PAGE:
So we have found that they have been receptive. There is interest within the delegation. Today the Attorney General was here, CBP, and representatives from several authorities in DHS that have to do with these matters. And on December 1st when we present the plan, you will see clearly the actions that will be taken. Because there is a common denominator here: to reduce the arms trafficking as much as possible and as soon as possible.
INTERPRETER: The interpreter apologizes; that microphone was not used.
FOREIGN SECRETARY EBRARD: (Via interpreter) Today we did not deal with this topic, or we have not fixed a date for that. We will inform on that as soon as we can.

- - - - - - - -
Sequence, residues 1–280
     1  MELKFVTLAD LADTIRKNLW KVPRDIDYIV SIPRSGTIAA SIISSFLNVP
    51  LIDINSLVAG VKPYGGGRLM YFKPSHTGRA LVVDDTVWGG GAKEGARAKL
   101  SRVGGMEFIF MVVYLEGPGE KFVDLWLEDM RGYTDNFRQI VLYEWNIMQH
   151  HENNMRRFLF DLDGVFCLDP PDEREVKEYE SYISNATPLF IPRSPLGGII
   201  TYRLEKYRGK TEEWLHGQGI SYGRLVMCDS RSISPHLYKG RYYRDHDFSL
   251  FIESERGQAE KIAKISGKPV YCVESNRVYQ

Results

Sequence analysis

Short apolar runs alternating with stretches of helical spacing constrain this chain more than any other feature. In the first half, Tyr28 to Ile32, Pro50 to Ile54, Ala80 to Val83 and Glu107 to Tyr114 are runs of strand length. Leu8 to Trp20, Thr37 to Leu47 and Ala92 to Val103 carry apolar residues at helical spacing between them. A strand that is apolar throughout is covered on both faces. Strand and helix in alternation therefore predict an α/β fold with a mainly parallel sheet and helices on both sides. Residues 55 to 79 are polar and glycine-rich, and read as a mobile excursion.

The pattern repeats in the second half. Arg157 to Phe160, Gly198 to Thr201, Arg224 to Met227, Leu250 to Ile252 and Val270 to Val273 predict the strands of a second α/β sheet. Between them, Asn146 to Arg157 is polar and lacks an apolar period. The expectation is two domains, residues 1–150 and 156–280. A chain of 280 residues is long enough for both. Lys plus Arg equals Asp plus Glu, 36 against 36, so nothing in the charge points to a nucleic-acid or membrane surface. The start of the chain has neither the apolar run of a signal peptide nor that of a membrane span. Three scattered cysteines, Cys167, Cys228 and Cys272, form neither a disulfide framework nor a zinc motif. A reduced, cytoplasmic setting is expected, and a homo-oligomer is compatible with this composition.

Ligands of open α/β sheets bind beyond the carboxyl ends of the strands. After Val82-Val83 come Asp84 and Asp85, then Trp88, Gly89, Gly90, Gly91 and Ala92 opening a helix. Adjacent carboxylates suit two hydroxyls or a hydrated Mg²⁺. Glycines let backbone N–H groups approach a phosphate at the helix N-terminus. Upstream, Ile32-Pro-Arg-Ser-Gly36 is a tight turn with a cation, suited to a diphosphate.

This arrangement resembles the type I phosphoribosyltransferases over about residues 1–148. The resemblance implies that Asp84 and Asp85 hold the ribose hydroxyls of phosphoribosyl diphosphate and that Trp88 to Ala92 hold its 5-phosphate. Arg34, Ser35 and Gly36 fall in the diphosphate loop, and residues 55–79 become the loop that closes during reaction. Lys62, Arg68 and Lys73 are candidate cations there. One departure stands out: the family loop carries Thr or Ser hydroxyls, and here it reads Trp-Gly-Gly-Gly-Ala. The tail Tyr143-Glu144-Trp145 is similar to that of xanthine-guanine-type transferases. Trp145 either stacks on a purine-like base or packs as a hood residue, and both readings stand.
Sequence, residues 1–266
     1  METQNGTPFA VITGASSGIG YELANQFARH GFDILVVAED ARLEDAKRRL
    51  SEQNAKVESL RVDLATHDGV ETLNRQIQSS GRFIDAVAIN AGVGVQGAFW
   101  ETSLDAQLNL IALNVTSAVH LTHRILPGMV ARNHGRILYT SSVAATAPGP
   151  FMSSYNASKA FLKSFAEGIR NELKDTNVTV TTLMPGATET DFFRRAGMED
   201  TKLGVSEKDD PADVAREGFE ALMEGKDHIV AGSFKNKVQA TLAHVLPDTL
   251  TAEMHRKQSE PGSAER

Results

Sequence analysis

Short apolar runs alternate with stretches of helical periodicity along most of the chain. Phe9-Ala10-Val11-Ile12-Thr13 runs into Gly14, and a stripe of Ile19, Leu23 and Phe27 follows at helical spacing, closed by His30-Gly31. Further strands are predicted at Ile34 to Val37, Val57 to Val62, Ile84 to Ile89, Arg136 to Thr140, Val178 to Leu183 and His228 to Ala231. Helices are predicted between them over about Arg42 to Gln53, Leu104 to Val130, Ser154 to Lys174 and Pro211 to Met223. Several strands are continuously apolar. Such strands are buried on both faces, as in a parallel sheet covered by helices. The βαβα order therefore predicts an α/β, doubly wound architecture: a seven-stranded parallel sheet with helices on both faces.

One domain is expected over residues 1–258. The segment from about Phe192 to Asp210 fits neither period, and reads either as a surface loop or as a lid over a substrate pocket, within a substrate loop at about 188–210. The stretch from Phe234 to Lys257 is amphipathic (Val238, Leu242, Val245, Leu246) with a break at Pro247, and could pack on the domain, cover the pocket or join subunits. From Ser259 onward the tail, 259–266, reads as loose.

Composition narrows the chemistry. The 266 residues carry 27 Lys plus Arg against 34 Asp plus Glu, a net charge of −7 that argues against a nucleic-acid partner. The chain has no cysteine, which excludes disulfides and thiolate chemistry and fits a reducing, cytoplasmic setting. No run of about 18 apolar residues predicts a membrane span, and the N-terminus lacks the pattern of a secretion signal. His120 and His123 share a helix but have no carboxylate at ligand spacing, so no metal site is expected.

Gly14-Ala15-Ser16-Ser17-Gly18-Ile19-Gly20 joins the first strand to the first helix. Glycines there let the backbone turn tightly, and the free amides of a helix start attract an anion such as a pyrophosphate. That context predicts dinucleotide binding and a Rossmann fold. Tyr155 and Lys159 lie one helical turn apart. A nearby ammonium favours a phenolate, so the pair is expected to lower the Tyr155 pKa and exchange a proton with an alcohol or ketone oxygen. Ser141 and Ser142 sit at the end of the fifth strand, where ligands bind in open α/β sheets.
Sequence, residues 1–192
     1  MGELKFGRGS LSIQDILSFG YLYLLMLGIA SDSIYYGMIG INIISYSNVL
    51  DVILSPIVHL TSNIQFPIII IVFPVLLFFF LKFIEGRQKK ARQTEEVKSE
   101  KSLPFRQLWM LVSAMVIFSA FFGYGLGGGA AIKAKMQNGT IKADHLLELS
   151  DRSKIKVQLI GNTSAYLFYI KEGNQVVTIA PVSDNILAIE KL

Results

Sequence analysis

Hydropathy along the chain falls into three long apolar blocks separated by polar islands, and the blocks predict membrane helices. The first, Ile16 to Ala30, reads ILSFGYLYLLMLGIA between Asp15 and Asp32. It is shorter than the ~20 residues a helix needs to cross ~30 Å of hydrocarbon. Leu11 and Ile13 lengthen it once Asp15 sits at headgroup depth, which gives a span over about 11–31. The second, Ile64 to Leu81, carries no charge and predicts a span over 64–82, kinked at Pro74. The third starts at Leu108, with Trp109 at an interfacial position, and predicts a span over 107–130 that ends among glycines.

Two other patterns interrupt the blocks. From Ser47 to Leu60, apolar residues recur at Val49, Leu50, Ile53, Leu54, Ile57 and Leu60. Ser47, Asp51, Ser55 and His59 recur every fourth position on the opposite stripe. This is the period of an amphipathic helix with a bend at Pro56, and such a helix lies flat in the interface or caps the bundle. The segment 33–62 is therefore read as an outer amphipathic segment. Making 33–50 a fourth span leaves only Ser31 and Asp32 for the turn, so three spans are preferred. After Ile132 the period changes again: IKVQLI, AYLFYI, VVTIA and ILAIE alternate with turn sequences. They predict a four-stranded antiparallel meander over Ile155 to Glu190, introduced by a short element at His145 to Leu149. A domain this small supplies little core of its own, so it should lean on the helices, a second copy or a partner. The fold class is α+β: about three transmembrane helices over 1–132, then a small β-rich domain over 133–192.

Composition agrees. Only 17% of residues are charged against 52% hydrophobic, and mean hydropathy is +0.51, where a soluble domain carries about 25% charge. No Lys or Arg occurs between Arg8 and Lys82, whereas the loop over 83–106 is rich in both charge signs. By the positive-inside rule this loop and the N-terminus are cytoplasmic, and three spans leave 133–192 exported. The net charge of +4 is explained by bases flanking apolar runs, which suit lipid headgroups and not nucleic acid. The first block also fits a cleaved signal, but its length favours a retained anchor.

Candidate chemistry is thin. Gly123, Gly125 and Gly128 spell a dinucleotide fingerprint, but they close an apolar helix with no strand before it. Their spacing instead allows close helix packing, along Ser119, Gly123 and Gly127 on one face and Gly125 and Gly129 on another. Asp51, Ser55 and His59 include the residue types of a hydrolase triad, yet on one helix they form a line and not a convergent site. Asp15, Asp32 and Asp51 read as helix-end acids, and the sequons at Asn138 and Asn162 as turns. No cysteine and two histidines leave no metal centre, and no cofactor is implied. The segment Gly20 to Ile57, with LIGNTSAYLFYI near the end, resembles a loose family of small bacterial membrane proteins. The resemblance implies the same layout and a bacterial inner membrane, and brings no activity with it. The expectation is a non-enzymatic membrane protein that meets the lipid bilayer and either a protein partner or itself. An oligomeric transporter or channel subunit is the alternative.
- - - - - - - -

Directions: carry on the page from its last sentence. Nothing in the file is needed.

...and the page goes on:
MODERATOR: The next question comes from Courtney McBride of The Wall Street Journal.
QUESTION: Thank you. A question for each secretary.
To Secretary Ebrard, what is your government seeking from the United States in exchange for the resumption of the MPP or the “Remain in Mexico” policy? And you described this agreement, the bicentennial agreement, as a path to be taken, and you said it shared visions for the future of the relationship. What specifically is Mexico seeking from the United States as part of this framework?
And to Secretary Blinken, how does the Biden administration expect migrants to remain in Mexico when the Mexican Government is issuing fewer visas to migrants, leaving a mass of people with nowhere to go? And if you could also share what the U.S. Government’s key asks are of Mexico as part of the framework, I would appreciate it.